Xiaomi Mi 10 Pro review: Bloatware and a hefty price tag make it hard to love this phone


Xiaomi’s Mi 10 Pro has an inconspicuous front-facing 20-megapixel camera on the left side of the screen.

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The Xiaomi Mi 10 Pro 5G costs roughly $1,100 when converted from its price in Europe (999 euros, which is about £890 or AU$1,660). It’s stuffed with pretty much everything you’d expect from a premium 5G phone, including a Snapdragon 865 chipset, a 90Hz refresh-rate display, a 4,500-mAh battery and even a 108-megapixel rear camera.

For the most part, those specs allow the Mi 10 Pro to deliver the goods. But it has its shortcomings. The most obvious one is that the Mi 10 series lacks an IP rating for water resistance. The phone does have some degree of water resistance, but an IP rating would have given me more peace of mind. The other drawback is the phone comes with a dizzying array of preloaded apps and annoying advertisements. It just feels cluttered compared to, say, a Google Pixel or even a Samsung Galaxy phone. Depending on what carrier you get the phone through or if you get it unlocked, the apps that come out-of-the-box may be different. 

If an IP rating is important to you, there are other Android phones to choose from, such as the OnePlus 8 Pro and Samsung Galaxy S20 or the Motorola Edge Plus ($1,000 at Motorola). But even if water resistance isn’t a priority, I’d still recommend any of those phones over the Mi 10 Pro. Even though the Mi 10 Pro is impressive, it’s way too expensive when compared to the competition.


The Xiaomi Mi 10 Pro 5G has a 6.7-inch display with delicately curved edges.

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Pricing and international release

Mi 10 phones are available in several European and Asian countries, but Xiaomi stopped short of announcing any details of a US launch or release for the Mi 10 Pro. In Europe, the Mi 10 starts at 799 euros (with 8GB RAM and 128GB), while the 10 Pro starts at 999 euros (8GB RAM and 256GB). Convert that to US dollars and the Mi 10 and 10 Pro are about $865 and $1,085, respectively.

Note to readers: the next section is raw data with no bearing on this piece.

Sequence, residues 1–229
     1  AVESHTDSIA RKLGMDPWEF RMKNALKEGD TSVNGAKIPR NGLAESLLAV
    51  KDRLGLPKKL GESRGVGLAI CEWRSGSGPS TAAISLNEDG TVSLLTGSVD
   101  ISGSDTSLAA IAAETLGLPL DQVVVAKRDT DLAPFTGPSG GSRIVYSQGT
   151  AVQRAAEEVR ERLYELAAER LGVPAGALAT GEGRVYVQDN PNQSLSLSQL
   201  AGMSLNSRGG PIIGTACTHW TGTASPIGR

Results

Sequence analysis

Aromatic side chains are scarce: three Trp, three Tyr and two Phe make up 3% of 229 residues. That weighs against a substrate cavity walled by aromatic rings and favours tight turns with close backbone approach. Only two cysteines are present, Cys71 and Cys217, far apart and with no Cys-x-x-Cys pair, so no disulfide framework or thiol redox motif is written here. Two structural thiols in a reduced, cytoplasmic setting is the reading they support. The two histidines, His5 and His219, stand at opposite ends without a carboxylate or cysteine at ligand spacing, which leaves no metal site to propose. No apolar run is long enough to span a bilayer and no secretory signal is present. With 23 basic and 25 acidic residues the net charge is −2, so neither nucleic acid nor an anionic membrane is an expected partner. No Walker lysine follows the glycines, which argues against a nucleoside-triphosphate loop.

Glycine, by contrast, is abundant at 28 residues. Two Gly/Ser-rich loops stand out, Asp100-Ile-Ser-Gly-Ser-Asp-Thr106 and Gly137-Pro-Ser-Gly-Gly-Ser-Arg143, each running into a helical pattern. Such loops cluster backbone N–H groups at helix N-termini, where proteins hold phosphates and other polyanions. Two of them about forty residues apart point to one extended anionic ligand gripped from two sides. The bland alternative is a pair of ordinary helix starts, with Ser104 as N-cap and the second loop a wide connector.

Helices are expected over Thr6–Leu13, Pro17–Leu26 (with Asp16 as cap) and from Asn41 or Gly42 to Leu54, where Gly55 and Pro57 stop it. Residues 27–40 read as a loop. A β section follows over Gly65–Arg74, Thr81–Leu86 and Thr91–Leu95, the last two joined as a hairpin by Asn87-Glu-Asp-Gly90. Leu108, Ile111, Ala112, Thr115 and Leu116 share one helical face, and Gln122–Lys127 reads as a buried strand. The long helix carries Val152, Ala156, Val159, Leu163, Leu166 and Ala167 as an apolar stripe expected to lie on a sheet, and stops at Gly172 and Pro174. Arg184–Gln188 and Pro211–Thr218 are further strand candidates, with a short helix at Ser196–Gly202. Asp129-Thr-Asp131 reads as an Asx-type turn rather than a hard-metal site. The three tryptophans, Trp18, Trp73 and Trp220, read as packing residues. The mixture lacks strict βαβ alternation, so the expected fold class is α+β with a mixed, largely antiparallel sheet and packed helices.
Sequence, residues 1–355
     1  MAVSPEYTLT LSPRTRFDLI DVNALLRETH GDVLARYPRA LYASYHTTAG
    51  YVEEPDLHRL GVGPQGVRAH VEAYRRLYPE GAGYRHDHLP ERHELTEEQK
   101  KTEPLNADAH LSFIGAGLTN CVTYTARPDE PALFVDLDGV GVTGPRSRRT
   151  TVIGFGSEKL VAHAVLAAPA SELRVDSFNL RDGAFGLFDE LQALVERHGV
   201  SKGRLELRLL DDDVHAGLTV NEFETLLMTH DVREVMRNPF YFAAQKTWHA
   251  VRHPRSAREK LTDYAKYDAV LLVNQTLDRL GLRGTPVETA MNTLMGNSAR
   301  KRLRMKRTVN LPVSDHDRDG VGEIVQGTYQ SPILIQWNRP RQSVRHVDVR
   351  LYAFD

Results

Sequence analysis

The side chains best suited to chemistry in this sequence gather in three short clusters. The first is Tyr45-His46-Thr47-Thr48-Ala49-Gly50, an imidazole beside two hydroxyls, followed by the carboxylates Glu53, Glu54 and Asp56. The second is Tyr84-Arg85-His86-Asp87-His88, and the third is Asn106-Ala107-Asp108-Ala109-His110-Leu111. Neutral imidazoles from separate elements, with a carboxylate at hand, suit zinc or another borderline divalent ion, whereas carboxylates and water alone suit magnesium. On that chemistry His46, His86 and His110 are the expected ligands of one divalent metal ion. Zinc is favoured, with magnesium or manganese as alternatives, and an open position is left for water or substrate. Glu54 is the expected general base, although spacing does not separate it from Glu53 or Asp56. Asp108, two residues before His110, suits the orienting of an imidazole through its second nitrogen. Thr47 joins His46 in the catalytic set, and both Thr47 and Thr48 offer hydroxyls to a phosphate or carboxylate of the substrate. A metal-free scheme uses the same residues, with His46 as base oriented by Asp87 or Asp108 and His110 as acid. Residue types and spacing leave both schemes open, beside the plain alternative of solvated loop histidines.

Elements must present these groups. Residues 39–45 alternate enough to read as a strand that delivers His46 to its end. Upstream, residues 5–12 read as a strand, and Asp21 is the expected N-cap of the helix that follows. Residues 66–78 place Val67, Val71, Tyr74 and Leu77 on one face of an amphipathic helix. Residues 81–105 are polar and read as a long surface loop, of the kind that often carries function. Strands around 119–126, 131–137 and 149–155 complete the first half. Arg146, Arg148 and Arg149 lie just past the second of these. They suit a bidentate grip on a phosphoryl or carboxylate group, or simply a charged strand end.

Though I didn’t get a chance to review it, the cheaper Mi 10 has mostly the same specs as the Pro, like a 90Hz display and large battery. But it lacks a telephoto lens in its quad-camera module. Instead, it has a macro and depth lens instead.

Design and display 


 If you’re willing to pay the price of battery life, Xiaomi has an always-on-display feature available (pictured above). 

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The Mi 10 Pro has a large 6.7-inch AMOLED screen, delicately curved edges and ultra-narrow bezels. I love that Xiaomi eliminated the notch entirely and put an inconspicuous in-display selfie camera on the left side. The phone comes in two colors, white and gray. I received the gray model for review and I absolutely adore its metallic finish. It has an attractive sheen but it’s not too shiny. It is a fingerprint magnet though, so you’ll either have to get a case for it or constantly wipe it down. 

The Mi 10 Pro’s  90Hz screen is a higher refresh rate than most phones, which have 60Hz displays. It’s silky smooth and I love the way it looks, though it’s not as high as the 120Hz screens on the OnePlus 8 Pro ($999 at OnePlus) and Galaxy S20. The Xiaomi Mi 10 Pro also has a lower resolution than the Galaxy S20, so images and video aren’t as sharp. 

In addition, even though I’m a fan of big phones, the Mi 10 Pro is heavy. I have large hands for a woman and one-handed use was still challenging for me.


The Mi 10 Pro features four cameras on the rear led by a 108-megapixel sensor.

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The Mi 10 Pro’s 4 rear cameras 

The Mi 10 Pro’s biggest draw is its astonishing 108-megapixel camera. While more megapixels don’t necessarily translate to better photos, the key advantage of having so many megapixels is that the image retains clarity when you zoom into it.